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Mayor Schmitz wanted the Army to remain in San Francisco until September 1, 1906 to assist with relief operations. Though General Greely seemed to agree with Schmitz in person, in confidential memoranda to William Howard Taft, he wrote that the escalating Red Cross scandal and the looming graft trials were sufficient reasons for the Army to leave San Francisco, which it did, on July 1, 1906.
25 PO. KE. KO. 105 D.H. 1 Ex.
San Francisco, Calif., June 14, 1906

Hon. W. H. Taft,

Secretary War, Washington, D.C.

The Army has proved itself of such invaluable assistance in systematizing and executing the work of relief that the citizens of San-Francisco are most desirous that it be allowed to remain, as at resent in charge of relief work, beyond the date fixed by General Greely for its withdrawl July first. I have conferred with General Greely and he states that it is agreeable to him to comply with the wishes of the citizens of San-Francisco provided the Secretary of War has no objections. I respectfully request that the Army be continued in its present usefulness for at least sixty days beyond July first.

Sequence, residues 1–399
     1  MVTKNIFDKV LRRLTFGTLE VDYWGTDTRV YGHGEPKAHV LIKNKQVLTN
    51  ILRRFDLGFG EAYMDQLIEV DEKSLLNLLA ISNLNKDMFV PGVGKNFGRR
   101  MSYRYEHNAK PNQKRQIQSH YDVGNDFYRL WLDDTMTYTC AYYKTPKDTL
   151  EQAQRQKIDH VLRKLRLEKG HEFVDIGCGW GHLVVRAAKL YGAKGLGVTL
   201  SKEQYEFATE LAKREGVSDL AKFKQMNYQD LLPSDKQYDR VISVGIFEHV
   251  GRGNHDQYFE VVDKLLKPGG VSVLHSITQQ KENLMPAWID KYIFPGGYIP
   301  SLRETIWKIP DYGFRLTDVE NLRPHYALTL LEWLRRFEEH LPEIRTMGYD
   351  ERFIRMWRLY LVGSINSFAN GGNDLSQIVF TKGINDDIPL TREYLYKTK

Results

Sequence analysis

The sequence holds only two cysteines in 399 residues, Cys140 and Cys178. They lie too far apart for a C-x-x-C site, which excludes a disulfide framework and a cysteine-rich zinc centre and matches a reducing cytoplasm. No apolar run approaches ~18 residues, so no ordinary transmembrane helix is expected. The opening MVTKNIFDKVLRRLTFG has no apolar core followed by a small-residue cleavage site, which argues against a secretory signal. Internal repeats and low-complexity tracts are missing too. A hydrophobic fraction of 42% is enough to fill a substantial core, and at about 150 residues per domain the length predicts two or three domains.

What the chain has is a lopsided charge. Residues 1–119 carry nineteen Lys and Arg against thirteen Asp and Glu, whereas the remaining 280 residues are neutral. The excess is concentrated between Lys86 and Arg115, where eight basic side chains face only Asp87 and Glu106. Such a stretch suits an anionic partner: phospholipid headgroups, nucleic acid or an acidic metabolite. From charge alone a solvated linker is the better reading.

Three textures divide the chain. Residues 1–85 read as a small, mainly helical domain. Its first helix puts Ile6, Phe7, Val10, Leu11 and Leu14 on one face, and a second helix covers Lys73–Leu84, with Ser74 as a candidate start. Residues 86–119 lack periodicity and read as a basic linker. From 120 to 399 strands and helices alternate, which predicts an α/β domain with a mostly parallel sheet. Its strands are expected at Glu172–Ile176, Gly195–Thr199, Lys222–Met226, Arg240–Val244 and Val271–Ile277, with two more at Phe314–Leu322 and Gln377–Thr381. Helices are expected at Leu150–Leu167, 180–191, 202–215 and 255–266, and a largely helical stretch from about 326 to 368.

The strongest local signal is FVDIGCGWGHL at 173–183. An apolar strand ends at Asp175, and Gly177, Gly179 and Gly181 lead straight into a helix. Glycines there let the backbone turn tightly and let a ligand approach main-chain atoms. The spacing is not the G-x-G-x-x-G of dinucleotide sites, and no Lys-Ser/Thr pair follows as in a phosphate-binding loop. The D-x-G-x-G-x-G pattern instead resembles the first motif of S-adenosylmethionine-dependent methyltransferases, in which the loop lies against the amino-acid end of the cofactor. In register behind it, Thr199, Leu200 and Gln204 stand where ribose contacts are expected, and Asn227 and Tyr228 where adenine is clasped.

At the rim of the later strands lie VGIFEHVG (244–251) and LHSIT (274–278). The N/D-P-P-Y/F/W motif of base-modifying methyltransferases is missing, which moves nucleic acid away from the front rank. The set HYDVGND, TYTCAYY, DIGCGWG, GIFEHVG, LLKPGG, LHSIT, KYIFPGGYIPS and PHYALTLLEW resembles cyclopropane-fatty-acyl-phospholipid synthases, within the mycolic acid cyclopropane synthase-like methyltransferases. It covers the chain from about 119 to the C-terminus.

E.E. Schmitz,


Return to the 1906 Earthquake Exhibit.

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